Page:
Mon 13 Jan 2014
Whether you are a fan of James Bond, an admirer of John Wayne, or a wiz at video games, you know a basic rule of warfare – never underestimate the enemy. Let down your guard, turn your back, become complacent, and you are an easy target to be attacked. The winning strategy requires that you are always prepared to defend yourself, and when possible, ready to seize the opportunity to strike first.
How I wish that the addicts and alcoholics I meet would recognize the power of their enemy, and prepare themselves for the battle that lies ahead when they enter into recovery. However, too often, they declare a premature victory, and are unprepared for the first surprise attack. And the attacks will come, because addiction is the enemy that never surrenders, but keeps looking for an opportunity to regain control.
When people in recovery from addiction experience a relapse, the explanations are often familiar. “I thought I could manage recovery on my own and I stopped going to meetings.” “I knew things were starting to slide and I didn’t call anyone for help.” “I thought I could have just one drink, because alcohol was never my problem.” Just because the enemy – addiction – had not struck for days, weeks or months, it was assumed to have been defeated.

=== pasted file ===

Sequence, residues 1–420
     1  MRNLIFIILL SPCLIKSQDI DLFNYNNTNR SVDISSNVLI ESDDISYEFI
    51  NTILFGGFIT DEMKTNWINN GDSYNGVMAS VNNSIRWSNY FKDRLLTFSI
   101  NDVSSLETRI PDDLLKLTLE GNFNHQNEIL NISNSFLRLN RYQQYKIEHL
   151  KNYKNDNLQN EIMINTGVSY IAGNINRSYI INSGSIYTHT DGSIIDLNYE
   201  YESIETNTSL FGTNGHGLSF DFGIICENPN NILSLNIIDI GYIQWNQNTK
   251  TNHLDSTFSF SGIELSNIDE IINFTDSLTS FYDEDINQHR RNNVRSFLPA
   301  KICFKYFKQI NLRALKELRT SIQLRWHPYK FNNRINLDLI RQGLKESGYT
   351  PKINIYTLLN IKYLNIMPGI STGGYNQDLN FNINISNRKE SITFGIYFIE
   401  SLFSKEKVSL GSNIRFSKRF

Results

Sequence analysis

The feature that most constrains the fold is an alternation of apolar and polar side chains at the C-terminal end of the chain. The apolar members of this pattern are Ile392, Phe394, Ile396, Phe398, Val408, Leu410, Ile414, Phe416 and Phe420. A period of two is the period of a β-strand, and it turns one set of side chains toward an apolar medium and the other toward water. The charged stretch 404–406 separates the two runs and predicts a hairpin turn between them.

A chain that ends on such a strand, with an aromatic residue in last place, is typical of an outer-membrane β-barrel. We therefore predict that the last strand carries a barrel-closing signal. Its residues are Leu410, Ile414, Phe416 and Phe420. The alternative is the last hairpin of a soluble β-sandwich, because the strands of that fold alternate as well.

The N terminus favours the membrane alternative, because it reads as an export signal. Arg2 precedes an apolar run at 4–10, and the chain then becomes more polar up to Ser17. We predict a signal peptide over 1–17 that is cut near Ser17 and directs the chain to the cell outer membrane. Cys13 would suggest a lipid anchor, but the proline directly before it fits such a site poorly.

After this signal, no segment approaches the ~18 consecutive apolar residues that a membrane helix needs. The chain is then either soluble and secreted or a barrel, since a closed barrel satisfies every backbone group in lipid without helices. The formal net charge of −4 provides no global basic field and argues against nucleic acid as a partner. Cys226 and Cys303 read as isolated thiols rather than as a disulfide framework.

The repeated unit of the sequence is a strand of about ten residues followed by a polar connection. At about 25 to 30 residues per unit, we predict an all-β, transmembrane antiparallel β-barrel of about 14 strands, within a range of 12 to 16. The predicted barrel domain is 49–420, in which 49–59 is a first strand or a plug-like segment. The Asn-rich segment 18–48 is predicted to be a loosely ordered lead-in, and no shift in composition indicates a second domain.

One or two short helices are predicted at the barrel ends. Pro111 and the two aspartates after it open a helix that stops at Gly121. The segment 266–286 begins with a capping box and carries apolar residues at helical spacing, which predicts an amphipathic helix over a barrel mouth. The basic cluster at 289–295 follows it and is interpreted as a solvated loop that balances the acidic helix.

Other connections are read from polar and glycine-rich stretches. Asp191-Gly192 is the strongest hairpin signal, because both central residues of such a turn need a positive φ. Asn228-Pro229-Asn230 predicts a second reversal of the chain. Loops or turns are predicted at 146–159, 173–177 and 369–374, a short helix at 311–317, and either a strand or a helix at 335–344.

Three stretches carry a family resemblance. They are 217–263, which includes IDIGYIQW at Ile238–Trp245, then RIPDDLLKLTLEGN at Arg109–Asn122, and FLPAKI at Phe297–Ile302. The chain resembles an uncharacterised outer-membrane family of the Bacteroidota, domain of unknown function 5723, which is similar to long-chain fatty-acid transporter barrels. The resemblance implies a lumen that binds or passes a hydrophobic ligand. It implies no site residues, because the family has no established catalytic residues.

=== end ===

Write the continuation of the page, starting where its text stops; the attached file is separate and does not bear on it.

Our greatest struggle at St. Joseph Institute is often to help the people who come to us for help accept the seriousness of their disease. Like the diabetic who must tend to their disease every day, the addict and alcoholic cannot take a day off. Addiction is never cured; there is no victory except through ongoing vigilance. I wish that we could promise a great conquest, but the best we can do is to prepare the addicted person for the battle that lies ahead, teaching the skills that are needed to stand strong and fight for a great life in recovery.
In many ways rehab is boot camp, getting tough and ready for battle. After discharge the real struggle begins. Each day in recovery requires mental preparation to keep addiction from overwhelming thoughts and feelings. The ongoing conditioning for war is achieved with meetings, prayer, study and other forms of preparation. Victory occurs one day at a time, when the addict or alcoholic is able to declare at dawn “another day is beginning and we are still free.”